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Retrieval: Free recall, cued recall, and recognition

Learn about three types of retrieval: free recall, cued recall, and recognition.
Created by Carole Yue.

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Video transcript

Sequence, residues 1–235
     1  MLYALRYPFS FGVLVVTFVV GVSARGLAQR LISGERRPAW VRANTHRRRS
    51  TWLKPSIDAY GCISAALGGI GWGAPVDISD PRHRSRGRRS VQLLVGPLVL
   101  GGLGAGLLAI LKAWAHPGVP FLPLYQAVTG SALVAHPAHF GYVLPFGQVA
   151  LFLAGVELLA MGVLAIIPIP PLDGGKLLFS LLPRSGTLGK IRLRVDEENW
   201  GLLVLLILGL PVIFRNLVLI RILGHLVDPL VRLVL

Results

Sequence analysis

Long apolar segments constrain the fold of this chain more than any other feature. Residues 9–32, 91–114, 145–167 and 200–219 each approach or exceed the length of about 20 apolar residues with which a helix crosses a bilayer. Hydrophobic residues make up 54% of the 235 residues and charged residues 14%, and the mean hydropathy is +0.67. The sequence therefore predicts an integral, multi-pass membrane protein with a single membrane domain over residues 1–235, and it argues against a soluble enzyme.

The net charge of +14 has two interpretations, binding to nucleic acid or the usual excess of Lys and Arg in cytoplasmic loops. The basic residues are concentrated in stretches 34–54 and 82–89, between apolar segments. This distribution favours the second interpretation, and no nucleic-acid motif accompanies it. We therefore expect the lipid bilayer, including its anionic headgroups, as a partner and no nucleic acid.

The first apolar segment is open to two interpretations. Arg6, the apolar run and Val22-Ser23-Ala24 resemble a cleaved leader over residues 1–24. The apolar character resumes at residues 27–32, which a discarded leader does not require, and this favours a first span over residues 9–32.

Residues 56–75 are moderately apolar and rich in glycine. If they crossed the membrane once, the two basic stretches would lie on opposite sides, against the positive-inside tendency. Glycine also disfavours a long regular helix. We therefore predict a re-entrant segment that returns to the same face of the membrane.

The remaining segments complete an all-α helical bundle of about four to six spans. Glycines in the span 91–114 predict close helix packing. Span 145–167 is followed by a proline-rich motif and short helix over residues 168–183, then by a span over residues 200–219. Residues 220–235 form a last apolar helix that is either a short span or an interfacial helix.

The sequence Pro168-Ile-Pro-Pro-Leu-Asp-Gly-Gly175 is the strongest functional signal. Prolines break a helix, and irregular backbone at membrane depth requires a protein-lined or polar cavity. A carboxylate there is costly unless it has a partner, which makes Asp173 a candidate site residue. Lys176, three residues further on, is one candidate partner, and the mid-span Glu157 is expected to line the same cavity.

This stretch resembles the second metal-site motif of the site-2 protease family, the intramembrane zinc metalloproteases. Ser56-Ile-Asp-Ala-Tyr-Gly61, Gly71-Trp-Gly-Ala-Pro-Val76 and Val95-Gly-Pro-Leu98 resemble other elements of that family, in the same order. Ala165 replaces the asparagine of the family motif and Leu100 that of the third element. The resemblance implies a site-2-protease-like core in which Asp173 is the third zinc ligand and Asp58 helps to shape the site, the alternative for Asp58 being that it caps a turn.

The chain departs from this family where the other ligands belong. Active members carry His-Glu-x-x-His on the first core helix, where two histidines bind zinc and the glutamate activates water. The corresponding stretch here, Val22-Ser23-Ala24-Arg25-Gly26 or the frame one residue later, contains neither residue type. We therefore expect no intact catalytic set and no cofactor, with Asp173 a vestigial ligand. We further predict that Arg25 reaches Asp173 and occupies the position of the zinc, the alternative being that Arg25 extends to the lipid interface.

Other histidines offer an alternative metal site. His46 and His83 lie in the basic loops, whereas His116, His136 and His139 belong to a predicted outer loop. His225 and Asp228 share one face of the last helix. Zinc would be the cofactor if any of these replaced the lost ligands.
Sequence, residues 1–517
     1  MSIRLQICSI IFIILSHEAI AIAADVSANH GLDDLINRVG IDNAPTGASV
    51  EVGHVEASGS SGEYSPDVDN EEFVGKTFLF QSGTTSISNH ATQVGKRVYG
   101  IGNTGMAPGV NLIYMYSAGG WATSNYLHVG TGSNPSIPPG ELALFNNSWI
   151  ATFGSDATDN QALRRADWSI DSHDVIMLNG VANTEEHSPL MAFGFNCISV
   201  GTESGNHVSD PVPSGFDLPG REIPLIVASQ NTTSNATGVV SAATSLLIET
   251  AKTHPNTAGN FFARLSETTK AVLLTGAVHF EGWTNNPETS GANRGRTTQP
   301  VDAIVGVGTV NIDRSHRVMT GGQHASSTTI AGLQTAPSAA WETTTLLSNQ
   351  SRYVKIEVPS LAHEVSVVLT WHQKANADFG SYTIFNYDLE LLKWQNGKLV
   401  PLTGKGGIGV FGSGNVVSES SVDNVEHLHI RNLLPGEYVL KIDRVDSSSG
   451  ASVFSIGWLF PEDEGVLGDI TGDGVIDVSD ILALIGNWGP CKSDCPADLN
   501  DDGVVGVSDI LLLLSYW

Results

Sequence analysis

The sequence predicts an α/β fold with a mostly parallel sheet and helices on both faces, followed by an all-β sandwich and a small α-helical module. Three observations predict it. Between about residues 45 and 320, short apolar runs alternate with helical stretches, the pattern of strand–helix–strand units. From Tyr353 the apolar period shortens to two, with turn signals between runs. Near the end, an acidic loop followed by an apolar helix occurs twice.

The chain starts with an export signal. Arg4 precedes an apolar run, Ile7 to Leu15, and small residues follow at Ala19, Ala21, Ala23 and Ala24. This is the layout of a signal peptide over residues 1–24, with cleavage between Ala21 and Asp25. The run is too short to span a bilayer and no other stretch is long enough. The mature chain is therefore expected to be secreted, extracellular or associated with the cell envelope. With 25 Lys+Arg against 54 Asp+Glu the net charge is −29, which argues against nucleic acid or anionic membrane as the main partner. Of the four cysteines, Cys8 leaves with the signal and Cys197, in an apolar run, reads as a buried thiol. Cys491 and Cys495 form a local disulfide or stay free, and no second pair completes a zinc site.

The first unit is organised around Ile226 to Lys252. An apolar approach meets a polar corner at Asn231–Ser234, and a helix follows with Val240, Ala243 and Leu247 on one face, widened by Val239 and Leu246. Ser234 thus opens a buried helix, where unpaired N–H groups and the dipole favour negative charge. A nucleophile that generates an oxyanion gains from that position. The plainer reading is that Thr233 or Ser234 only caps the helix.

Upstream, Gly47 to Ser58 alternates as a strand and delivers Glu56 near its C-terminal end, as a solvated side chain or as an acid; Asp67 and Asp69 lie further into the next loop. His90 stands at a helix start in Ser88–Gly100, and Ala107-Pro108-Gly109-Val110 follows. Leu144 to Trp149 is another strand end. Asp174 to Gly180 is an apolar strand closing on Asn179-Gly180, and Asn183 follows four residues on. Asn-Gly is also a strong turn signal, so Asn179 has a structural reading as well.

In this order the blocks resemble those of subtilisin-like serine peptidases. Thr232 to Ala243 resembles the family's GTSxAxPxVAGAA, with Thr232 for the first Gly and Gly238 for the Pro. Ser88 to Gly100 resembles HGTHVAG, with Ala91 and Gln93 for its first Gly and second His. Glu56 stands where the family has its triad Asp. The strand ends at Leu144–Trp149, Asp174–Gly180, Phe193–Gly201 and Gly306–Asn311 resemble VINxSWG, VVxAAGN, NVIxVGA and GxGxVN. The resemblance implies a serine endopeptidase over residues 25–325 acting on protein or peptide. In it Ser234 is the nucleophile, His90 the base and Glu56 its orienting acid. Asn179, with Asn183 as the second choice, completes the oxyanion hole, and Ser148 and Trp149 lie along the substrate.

- [Narrator] We are going to start out with a test. I'm going to give you a list of words to learn. And later, I'll ask you to remember them. So don't write them down. Just listen. You ready? Alright, ladybug, television, stork, book, airplane, hamburger, garden, pillow, window, stove, planet, car, fork. Okay, so we'll go back to those later. Now let's talk about retrieval. Anytime you pull something out of your long-term memory and bring it into working memory, or your conscious awareness, you are engaging in an act of retrieval. And as you've probably experienced in your lifetime of trying to retrieve names, birthdays, directions, and other things, there are a variety of factors that can influence your ability to retrieve information. First, let's walk through some of the main methods of retrieval in order from hardest to easiest: free recall, cued recall, and recognition. So, back to that list of words. Now, try to write down or say out loud as many of them as you can. I'll draw some stuff over here while you're retrieving. Okay, so what you just did, or maybe what you're still doing a little bit is free recall. Without any cues and not in any particular order, you are producing the words that you learned a minute ago. Free recall tends to have some interesting patterns. For example, did you remember ladybug? How about television and road? Those were the first three words on the list, and people tend to remember the first things in a sequence, especially if they know there's a memory test coming. This pattern, where you have a high probability of recall for the first items on the list, is called the primacy effect. What about planet, car, or fork? Did you remember those? Those were the last three words on the list, and people also tend to remember the last few things in a sequence. And that's called the recency effect. But since I distracted you for a short time after the list, the recency effect might not be so pronounced here as it would be if we had done an immediate test. But although we remember the first few items and the last few items pretty well, we often get fuzzy on the items in the middle. So it might have been harder for you to remember tennis ball, garden, and pillow, say, which were in the middle of the list. The difficulty you have in the middle doesn't have a special name. What really happens is that primacy and recency cause the first and last items respectively to have an increased probability of being remembered. And this whole curve is called the serial position curve. And the overall tendency for us to remember the first list items really well, the middle list items not so well, and then the last list items really well again is called the serial position effect. So that's free recall. But what if I gave you some extra clues to help you remember those words? If I were to ask you to complete the following words based on what you learned earlier, it might be easier. So for example, I might give you pl- and have you try to retrieve planet. This type of test is called a cued recall test because you still have to produce an answer but you get more retrieval cues to help you. You tend to do better on cued recall tests than on free recall tests because the added cues make it more likely that you can successfully access the information in your long-term memory. Finally, we come to a recognition test. Out of these three types of tests, people tend to do best on recognition tests. On a recognition test, I would present two words, say fork and knife, and ask you which one you heard earlier. Here, you have even more cues than in the cued recall test. You have the entire word instead of just part of it which makes your ability to retrieve the correct word even more likely.